During the Rio Olympics, Team USA swimmer Katie Ledecky has out-swam the competition to four gold medals — and she shows no signs of stopping. She won the 800-meter freestyle 11 seconds ahead of everyone else, an incredible world-record-smashing swim that has rightfully gone viral as a video on the internet. But the 19-year-old swimmer isn't the only fast one in the pool in her family. Ledecky's mother and brother were competitive swimmers, too, according to Sports Illustrated, and they, along with the rest of the Olympian's family, inspired the gold medalist's rise to the top of her game.
Ledecky's international dominance began with a gold medal in the 800-meter freestyle in the 2012 London Olympics, but her swim career itself began with her family. Her dad, David, a Harvard and Yale-trained lawyer, left his job as an attorney in 2011 to help her train, according to The Washington Post. Ledecky told WBUR that she was inspired to start swimming at age six when her older brother Michael joined a swim team — and she wanted to follow his lead. "I just always enjoyed swimming with him and I think that's how I really found my love of the sport," she said. I think if I didn't have my brother swimming with me, I don't know if I would have loved it as much as I did and still do."
In May, Michael graduated from Harvard, where he served as the university's swim club practice coordinator and associate executive sports editor of The Harvard Crimson, according to his LinkedIn profile. He even covered Katie's Olympic swimming trials for the college newspaper. "My Crimson experience was inseparably intertwined with my sister’s rise to the top of her sport," he wrote in The Harvard Crimson. "As I watched her smash world records and rack up wins, she not only inspired me as her number one fan but also placed in perspective the stories I’ve had the chance to tell in these pages.
The Ledecky siblings' early start in swimming can be credited to their mother Mary Gen Ledecky (née Hagan), who had a successful college swimming career for the College of Great Falls in Montana and the University of New Mexico. The former hospital administrator joined the Palisades Swim & Tennis Club in Maryland as an adult because her neighborhood pool had a seven-year waiting list, and then Michael requested to join a team, according to Sports Illustrated.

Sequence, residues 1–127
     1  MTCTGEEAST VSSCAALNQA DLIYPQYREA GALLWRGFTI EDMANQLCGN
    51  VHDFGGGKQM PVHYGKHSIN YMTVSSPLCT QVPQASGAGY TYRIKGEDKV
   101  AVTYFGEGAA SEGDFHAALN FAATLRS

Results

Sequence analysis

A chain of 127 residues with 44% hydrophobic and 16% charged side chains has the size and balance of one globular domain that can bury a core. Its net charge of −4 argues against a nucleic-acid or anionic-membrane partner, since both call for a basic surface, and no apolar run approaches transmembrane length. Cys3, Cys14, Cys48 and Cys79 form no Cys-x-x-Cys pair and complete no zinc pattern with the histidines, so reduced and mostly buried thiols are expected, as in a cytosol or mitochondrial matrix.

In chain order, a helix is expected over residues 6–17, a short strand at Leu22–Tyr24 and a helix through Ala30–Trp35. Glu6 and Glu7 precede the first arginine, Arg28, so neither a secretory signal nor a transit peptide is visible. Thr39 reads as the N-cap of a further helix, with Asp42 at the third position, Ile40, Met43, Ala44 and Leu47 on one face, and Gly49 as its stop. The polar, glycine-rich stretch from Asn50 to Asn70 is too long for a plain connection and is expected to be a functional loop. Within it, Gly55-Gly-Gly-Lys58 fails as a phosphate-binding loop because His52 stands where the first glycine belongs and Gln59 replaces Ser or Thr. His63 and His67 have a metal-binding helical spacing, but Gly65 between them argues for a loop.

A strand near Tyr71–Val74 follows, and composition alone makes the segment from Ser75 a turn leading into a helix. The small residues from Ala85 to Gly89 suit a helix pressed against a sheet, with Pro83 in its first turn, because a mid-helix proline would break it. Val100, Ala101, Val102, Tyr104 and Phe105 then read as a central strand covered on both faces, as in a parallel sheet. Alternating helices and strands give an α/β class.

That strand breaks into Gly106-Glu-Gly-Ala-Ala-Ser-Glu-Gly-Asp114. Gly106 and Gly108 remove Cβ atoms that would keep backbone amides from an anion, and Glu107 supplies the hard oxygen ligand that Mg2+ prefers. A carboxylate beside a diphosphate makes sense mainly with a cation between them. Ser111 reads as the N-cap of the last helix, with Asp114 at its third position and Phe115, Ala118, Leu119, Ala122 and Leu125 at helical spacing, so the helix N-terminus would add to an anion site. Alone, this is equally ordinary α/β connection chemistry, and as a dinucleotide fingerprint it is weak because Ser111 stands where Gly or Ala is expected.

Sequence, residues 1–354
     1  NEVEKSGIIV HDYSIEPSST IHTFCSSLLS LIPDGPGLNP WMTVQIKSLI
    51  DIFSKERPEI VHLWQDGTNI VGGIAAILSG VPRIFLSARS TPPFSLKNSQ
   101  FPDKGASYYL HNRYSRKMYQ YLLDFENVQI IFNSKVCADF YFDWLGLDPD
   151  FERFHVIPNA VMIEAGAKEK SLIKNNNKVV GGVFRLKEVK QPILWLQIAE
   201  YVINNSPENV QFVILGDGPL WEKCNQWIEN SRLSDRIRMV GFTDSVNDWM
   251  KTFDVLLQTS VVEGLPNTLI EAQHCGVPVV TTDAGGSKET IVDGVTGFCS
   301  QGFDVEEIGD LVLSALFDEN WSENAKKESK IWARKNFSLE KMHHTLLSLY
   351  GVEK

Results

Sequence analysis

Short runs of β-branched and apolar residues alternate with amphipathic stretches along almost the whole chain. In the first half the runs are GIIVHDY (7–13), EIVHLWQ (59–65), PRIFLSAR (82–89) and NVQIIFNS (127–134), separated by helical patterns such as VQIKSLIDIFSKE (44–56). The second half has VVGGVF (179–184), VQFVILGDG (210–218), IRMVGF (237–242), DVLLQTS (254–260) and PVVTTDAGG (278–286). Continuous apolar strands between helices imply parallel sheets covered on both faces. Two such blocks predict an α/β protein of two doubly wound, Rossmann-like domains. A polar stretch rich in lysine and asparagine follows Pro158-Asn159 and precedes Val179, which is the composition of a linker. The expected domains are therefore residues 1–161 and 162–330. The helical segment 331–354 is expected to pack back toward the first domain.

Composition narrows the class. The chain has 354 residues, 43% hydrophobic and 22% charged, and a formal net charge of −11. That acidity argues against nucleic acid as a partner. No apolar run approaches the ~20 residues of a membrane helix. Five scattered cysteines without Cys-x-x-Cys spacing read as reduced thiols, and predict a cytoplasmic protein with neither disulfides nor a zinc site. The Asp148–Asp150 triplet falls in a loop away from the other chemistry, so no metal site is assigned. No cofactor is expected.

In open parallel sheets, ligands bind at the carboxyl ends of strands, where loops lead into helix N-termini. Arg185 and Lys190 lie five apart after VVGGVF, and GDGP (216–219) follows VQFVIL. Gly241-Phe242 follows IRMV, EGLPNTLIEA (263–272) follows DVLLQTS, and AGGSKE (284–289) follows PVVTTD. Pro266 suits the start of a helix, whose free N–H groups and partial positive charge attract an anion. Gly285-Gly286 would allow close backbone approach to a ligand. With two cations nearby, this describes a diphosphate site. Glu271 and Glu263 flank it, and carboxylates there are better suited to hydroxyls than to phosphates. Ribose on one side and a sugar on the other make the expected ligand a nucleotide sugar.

In college, Mary Gen excelled at sprints and short-distance events, according to the University of New Mexico. She qualified for national competitions three times thanks to her hard work, Mary Gen's UNM coach Rick Klatt told Sports Illustrated. “Every set she did in practice, every race Mary Gen swam, she was as tired as anyone could get,” he said. “Katie’s at a different level, but her mom was that kind of worker. I can remember her heaving for air after races. There was never any lack of effort in any workout or any meet. She was going after it as hard as she could.”
And Mary Gen's own interest swimming can be traced to her father Ed Hagan, the chairman of the Williston, North Dakota, parks board and a former Navy doctor. In the 1950s, he would treat children who almost drowned in the Missouri River every summer and, in 1956, his own 4-year-old daughter fell off a dock during a family vacation, according to Sports Illustrated. After that, Hagan wanted his kids to learn how to swim and campaigned to have an Olympic-sized pool built in the town in the 1960s, where Mary Gen would grow up swimming as a teenager, reported the magazine.
Clearly, Katie's gold medals and legendary pool performances have been a long, long time in the making.